The Black Death (1346 – 1353) resulted in shortage of workers, and scarce labor eventually led to labor saving inventions like the printing press. It also flattened the extreme wealth inequality between landowners and workers, as after the death of millions, land became more abundant relative to labour, and land rents and interest rates fell, while wages for serfs and agricultural laborers improved. It also weakened the grip of the Catholic Church as an all-powerful institution prior to the pandemic, since religion and faith could not deter the spread of the plague.
Cholera (1817-1823) contributed to the development of modern sanitation systems, and the consequences of wealth inequality amongst countries, given its outbreak and transmission through contaminated food and water.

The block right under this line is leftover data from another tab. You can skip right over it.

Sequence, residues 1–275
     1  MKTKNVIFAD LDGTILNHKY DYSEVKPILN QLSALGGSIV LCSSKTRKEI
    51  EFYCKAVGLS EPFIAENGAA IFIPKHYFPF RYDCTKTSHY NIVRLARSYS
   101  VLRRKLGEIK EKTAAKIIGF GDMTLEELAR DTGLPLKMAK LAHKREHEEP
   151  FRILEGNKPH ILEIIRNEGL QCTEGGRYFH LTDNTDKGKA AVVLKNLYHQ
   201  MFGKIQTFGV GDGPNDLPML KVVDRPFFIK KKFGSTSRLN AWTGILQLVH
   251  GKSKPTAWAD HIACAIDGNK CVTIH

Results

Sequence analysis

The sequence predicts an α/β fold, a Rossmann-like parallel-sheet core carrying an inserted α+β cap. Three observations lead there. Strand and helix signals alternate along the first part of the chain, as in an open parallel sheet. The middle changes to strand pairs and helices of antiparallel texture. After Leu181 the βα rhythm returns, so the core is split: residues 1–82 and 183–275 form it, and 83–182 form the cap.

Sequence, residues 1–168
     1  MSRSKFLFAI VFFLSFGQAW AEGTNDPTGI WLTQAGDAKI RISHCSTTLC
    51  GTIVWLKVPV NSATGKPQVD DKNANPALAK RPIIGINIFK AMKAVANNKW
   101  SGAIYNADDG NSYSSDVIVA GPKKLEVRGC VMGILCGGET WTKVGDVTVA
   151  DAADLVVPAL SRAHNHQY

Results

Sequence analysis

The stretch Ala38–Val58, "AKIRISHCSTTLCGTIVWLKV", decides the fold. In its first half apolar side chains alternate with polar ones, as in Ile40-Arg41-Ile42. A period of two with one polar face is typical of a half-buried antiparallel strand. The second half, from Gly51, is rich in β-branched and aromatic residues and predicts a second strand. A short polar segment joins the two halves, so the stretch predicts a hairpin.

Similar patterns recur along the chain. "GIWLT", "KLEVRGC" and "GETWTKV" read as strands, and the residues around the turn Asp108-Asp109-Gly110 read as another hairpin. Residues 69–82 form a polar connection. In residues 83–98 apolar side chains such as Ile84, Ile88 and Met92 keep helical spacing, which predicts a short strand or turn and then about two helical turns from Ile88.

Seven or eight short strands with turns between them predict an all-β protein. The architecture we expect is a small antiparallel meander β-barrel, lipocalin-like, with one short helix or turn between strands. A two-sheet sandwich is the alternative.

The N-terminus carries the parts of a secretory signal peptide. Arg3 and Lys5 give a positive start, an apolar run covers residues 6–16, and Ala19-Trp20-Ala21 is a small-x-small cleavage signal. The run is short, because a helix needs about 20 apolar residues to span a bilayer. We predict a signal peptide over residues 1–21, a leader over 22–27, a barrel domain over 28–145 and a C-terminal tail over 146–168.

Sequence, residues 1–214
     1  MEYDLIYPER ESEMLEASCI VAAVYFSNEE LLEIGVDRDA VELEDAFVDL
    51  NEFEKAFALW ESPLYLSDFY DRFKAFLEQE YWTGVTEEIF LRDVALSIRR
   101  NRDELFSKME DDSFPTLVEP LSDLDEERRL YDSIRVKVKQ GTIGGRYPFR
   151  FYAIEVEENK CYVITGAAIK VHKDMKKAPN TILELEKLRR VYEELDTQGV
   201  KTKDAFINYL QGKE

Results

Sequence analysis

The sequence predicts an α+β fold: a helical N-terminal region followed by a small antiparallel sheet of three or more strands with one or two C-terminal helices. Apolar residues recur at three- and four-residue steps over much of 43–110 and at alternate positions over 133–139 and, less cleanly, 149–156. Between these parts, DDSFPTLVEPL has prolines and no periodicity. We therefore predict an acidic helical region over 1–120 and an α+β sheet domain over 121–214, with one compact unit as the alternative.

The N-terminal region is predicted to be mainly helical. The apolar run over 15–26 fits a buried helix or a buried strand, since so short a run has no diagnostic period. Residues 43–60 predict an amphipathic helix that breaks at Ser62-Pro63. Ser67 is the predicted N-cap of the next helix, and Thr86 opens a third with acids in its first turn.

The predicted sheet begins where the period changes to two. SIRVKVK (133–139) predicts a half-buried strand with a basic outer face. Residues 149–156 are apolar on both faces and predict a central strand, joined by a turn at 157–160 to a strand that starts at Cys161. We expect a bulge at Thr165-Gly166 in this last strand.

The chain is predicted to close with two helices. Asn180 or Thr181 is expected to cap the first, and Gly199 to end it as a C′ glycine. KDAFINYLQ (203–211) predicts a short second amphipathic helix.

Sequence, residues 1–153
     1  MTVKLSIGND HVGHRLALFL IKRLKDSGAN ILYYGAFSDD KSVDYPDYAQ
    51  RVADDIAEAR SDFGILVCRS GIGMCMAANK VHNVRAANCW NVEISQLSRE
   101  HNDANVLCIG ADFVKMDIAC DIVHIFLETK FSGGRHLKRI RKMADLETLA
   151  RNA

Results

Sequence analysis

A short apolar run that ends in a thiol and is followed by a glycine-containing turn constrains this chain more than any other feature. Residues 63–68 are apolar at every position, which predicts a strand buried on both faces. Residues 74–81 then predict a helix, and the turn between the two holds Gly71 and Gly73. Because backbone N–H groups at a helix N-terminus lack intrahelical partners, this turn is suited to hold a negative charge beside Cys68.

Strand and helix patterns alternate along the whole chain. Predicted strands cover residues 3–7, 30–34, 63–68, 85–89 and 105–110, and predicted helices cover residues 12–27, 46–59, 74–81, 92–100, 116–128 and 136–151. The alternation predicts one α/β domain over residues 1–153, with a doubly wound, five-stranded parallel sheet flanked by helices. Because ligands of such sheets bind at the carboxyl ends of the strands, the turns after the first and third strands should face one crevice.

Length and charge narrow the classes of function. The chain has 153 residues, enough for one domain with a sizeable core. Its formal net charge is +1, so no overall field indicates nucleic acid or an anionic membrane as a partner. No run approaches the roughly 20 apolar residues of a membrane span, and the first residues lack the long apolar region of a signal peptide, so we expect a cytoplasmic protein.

Influenza as WW1 ended (1918 – 1920) led to more women in the workforce, forever changing outmoded attitudes about whether it was appropriate for women to work, paving the way for gender equality. Post-pandemic, businesses were inspired to take more risks, leading to a boom in startups in America.
HIV/AIDS (1980s – present) led to the global LGBTQ community becoming more vocal and visible in unprecedented ways because of the outsized impact on this community. As it became a global epidemic without gender, ethnic, or sexual orientation bias, the public was forced to address its own homophobia and prejudice, encouraging issues of LGBTQ discrimination to come into the mainstream spotlight.
Tech-celeration refers to the accelerated technological adoption and innovation during a pandemic.
Industries that have already experienced tech-celeration due to the Covid pandemic: Vaccine development, drone technology, food delivery, E-learning. Watch how Covid has boosted innovation below: